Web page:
category theory

# Contents

## Definition

Given an adjunction $⟨F,G,\eta ,\epsilon ⟩:X\to A$, the canonical presentation of an object $a\in obj\left(A\right)$ is the fork

$FGF\mathrm{Ga}\underset{FG{\epsilon }_{a}}{\overset{{\epsilon }_{FGa}}{⇉}}FGa\stackrel{{\epsilon }_{a}}{\to }a$F G F Ga\underoverset{F G\varepsilon_a}{\varepsilon_{F G a}}{\rightrightarrows}F G a \overset{\varepsilon_a}{\rightarrow}a

(this is indeed a fork, by the naturality of $\epsilon$).

## Properties

• In general, this fork need not be a coequalizer, but if $G$ is monadic, then we do get a coequalizer. To see this, note that the above pair is $G$-split: When applying $G$ to the fork, we get the split coequalizer

${T}^{2}x\underset{Th}{\overset{{\mu }_{x}}{⇉}}Tx\stackrel{h}{\to }x$T^2 x\underoverset{T h}{\mu_x}{\rightrightarrows}T x\overset{h}{\rightarrow}{x}

for the monad $𝕋:=⟨T=GF,\eta ,\mu =G\epsilon F⟩$ corresponding to the given adjunction and for the $𝕋$-algebra $⟨x,h⟩=⟨Ga,G{\epsilon }_{a}⟩$. Hence, by the monadicity theorem, $G$ (in particular) reflects coequalizers for our pair.

• The two parallel arrows $FG{\epsilon }_{a}$ and ${\epsilon }_{FGa}$ appearing in the canonical presentation have a common section, namely, $F{\eta }_{Ga}$ (by the triangle identities). Hence, whenever $G$ is monadic, the resulting coequalizer is a reflexive coequalizer.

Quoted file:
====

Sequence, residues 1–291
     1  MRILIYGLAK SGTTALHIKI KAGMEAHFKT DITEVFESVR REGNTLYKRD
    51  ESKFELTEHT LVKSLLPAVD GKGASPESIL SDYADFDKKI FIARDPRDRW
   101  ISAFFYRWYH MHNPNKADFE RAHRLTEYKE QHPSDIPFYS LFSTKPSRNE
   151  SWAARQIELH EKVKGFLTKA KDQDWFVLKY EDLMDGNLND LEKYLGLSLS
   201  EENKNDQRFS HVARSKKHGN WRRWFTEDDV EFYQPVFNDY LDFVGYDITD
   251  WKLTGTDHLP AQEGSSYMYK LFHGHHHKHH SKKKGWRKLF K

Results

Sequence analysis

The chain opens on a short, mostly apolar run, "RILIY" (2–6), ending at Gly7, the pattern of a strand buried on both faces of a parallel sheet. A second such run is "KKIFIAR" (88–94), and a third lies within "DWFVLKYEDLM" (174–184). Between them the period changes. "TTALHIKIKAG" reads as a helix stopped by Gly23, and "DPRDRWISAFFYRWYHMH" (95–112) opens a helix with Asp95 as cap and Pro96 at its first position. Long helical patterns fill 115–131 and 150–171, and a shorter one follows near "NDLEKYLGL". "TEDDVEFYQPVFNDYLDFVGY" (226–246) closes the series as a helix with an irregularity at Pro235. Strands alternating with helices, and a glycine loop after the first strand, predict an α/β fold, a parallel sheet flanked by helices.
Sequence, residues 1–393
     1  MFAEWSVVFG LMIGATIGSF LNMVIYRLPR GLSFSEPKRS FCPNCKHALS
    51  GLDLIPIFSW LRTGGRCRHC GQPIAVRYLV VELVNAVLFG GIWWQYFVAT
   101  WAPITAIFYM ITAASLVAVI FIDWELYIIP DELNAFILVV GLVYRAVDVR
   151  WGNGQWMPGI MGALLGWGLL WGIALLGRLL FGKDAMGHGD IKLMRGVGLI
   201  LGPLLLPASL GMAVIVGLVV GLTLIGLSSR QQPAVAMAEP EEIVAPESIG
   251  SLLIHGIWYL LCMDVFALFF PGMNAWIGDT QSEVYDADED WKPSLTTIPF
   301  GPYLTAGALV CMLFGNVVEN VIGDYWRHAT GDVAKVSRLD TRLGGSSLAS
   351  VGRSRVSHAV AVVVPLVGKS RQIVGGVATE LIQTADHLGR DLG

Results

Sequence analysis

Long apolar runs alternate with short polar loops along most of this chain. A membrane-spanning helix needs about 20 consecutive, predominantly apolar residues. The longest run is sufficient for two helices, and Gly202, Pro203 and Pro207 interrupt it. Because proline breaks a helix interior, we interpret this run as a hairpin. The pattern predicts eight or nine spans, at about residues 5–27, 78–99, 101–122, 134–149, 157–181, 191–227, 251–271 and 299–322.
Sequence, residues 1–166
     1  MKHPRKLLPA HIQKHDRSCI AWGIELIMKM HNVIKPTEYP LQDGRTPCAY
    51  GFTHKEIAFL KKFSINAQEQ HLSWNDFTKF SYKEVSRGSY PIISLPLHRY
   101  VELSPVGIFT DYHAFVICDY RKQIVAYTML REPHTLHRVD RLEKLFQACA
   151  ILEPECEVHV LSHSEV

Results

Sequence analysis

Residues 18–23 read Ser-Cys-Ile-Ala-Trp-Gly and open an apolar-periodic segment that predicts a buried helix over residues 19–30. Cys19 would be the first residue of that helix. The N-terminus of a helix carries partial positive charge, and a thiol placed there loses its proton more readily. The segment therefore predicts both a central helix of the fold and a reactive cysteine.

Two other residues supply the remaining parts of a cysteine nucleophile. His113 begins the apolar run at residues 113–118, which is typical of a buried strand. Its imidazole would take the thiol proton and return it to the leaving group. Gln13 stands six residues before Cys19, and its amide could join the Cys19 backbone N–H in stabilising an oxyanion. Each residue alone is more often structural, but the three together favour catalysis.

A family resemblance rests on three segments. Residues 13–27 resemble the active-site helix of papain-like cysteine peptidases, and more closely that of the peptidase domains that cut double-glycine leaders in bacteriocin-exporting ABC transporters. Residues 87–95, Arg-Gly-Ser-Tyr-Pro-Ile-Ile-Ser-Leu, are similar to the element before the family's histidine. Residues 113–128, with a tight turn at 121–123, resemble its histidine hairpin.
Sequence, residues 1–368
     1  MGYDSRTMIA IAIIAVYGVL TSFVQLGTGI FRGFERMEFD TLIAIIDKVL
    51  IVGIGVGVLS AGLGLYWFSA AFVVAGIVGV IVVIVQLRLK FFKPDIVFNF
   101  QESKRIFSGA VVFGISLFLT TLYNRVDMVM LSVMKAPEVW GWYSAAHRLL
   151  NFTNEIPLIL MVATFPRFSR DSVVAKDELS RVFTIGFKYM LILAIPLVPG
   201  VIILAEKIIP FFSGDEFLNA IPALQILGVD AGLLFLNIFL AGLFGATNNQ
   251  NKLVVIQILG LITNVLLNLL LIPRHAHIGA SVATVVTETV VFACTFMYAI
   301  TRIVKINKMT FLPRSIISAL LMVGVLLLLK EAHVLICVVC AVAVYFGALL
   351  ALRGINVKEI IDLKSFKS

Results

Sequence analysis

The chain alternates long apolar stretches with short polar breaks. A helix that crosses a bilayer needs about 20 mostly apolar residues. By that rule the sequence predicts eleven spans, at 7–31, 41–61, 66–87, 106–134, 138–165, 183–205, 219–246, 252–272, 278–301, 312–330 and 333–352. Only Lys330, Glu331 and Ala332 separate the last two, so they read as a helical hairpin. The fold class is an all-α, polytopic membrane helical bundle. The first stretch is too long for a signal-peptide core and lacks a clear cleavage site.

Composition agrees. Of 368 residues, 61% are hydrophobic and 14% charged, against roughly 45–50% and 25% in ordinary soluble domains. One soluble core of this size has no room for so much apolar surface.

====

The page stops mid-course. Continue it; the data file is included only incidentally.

## Example

If $A=\mathrm{Grp}$, $X=\mathrm{Set}$ and $G$ is the forgetful functor, then for a group $a$, $FGa$ is just the free group on the elements of $a$, and $\epsilon$ is the projection, taking a ”formal product” of elements of $a$ to the actual product in $a$ (since by a triangle identity we have $G{\epsilon }_{a}\left(⟨t⟩\right)=t$ where $t\in \mathrm{Ga}$ and $⟨t⟩={\eta }_{Ga}\left(t\right)=$ the reduced word with one letter $t$).

Since the coequalizer of $\cdot \underset{f}{\overset{g}{⇉}}\cdot$ in $\mathrm{Grp}$ is the familiar quotient by the normal subgroup generated by elements like $f\left(t\right)g\left(t{\right)}^{-1}$, the canonical presentation (a coequalizer in this case) is indeed a presentation of $a$ in terms of generators and relations.

## References

Revised on February 20, 2012 21:51:03 by Tim Porter (95.147.237.234)